Gamechanger Audio Bigsby Pedal review: more than just a vintage wobble machine

Designed in partnership with Fender, this sturdy unit brings old-school vibrato effects to hardtail guitars… with some bonus Whammy and chorus tones thrown in

Gamechanger Audio Bigsby Pedal
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Review Overview

Our rating


Our verdict

A weirdly ingenious contraption that’s at its best when it’s not trying to be a Bigsby at all

It’s the infamous six-letter ‘B’ word that’s caused bitter arguments, divided communities and brought down governments – yes, we’re talking about the Bigsby, the most loved/hated piece of hardware in guitardom. Here, though, is a pedal that promises to bring all the advantages of that classic vibrato unit with none of the drawbacks. Has Gamechanger Audio lived up to its name once again?

Gamechanger’s Bigsby Pedal has been created in cahoots with Fender, current owners of the venerable brand, and offers three key benefits over buying an aftermarket trem: it requires no guitar modifications, can be used with multiple instruments, and won’t throw you out of tune no matter how hard you whack it.

But that’s not all – because this Latvian-made device can also lend its digital processing power to much more extreme pitch-shifts than the gentle wobbles and semitone bends we associate with Bigsby bars. Those shifts can be up as well as down – and by blending them with the dry signal, it can create modulation effects too. You can ‘detune’ chords for authentic imperfection, save and recall presets via MIDI, and even employ this unit as an expression pedal for another stompbox using a standard TRS cable.

Gamechanger Audio Bigsby Pedal

All of this happens in a large and reassuringly weighty lump of ordnance that’s been designed to capture the look – and, more importantly, the response – of a hand-operated Bigsby. That means a lot of shiny aluminium, a spring to regulate the movement of the bar, and an algorithm that we’re told has been meticulously modelled on the behaviour of the real thing.

What’s distinctly non-vintage is the row of three roller knobs along the top, which are lit from inside and go brighter when you turn them up (the LEDs flip from white to red when you press the button to engage their alternative functions). The one we’ll be paying closest attention to is the pitch-shifting range adjuster on the right, which lets us dial in anything from a barely audible quiver to a full octave swoop.

We’ll be testing all of this with a Telecaster, a dash of spring reverb… and cowboy boots, obvs.

Gamechanger Audio Bigsby Pedal

In use

This pedal can’t be bypassed, so arguably the most crucial thing it has to be able to do is nothing – and, for as long as you keep your foot off the bar, that’s what it delivers, leaving the dry signal completely unmolested and not adding any audible noise. Hooray for the Nothing Pedal!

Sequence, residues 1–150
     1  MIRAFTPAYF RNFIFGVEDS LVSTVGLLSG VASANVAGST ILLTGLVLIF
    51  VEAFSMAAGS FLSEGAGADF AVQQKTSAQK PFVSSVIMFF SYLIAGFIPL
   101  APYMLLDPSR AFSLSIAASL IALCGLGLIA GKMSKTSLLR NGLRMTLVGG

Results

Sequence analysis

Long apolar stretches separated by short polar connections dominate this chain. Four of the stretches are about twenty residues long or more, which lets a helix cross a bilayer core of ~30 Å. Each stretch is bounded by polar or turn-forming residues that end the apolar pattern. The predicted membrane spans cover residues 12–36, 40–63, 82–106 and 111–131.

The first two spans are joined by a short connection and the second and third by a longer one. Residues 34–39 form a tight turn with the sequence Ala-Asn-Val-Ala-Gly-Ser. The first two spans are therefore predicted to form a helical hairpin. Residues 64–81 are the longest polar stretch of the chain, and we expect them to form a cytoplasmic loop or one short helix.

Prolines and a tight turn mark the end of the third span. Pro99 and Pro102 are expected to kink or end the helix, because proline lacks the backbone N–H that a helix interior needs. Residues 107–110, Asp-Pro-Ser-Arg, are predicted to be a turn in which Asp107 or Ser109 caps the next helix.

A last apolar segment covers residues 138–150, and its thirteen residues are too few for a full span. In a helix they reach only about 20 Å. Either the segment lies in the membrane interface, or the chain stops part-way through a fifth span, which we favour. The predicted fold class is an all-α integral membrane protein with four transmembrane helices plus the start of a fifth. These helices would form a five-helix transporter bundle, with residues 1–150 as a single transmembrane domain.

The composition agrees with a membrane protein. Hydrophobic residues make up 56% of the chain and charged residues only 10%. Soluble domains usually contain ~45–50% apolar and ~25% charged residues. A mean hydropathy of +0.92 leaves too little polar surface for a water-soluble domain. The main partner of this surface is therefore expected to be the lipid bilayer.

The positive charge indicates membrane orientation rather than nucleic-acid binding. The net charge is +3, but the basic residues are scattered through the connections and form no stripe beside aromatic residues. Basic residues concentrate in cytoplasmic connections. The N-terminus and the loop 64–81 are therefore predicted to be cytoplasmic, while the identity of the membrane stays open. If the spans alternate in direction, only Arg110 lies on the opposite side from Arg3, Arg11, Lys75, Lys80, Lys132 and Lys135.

Next up, though, is the more challenging task of moving smoothly from that state into Bigsby bendiness. We start with the depth set low for classic sub-semitone dips and shimmers, and the first thing to report is that the spring-loaded feel – while clearly different to the analogue original, simply because a foot is not a hand – couldn’t be better. The second thing to report is that notes and chords move in and out of vibrato naturally and seamlessly. And the third thing to report… is latency.

Bend notes while they’re sustaining and all is well, but hit a string while your foot is already touching the bar and the delayed response is yuckily noticeable. This, combined with the fact that it’s very difficult to wiggle both below and above pitch – as you can by gently pushing and pulling on a real Bigsby – means the ‘vintage’ part of this pedal’s feature set is seriously limited.

Gamechanger Audio Bigsby Pedal

There is, however, loads of entertainment to be found when we start exploring the other tricks on offer. First up on that list is divebombing, with up to an octave of pitch-sweeping available in either direction – not that our review unit could actually manage a full octave, always falling a semitone or two short (presumably because of a glitch with the optical auto-calibration system). Anyway, these wild shifts can sound fantastic with heavy distortion, as anyone who’s ever messed with one of DigiTech’s assorted Whammy devices will know, although the latency issue remains.

With the depth back down to well below a semitone, blending in some untreated signal with the middle knob allows us to create natural chorus effects; but an easier way to do that is to start fiddling with the rate knob. Now we can press down on the bar to fade in some pure pitch vibrato or, with the blend set high, a much richer kind of chorus that can drift almost into Leslie territory.

When used to control another stompbox, the Gamechanger Bigsby works extremely well – damn, maybe all expression pedals should have a spring – and the clever bit here is that it can operate either in your signal chain or outside of it. In the former case, you’ll enjoy the unit’s own pitch changes alongside whatever else it’s manipulating; in the latter, just remember it’ll still need a power supply.

This is a unique piece of kit that does things you won’t find anywhere else. We do wish it did some of them slightly better, but Gamechanger deserves credit for continuing to push at the limits of what a guitar pedal can do.

Key features

  • PRICE $379 / £329 / €379
  • DESCRIPTION Polyphonic pitch-shifter pedal, made in Latvia
  • CONTROLS Modulation rate/detune, blend/tone, down/up shift depth, alt functions switch, invert switch
  • FEATURES Expression out / footswitch in, 3.5mm MIDI in (five-pin adapter cable included), powered by 9-volt mains supply only (220mA, no bypass)
  • DIMENSIONS 225 x 115 x 85mm
  • CONTACT gamechangeraudio.com

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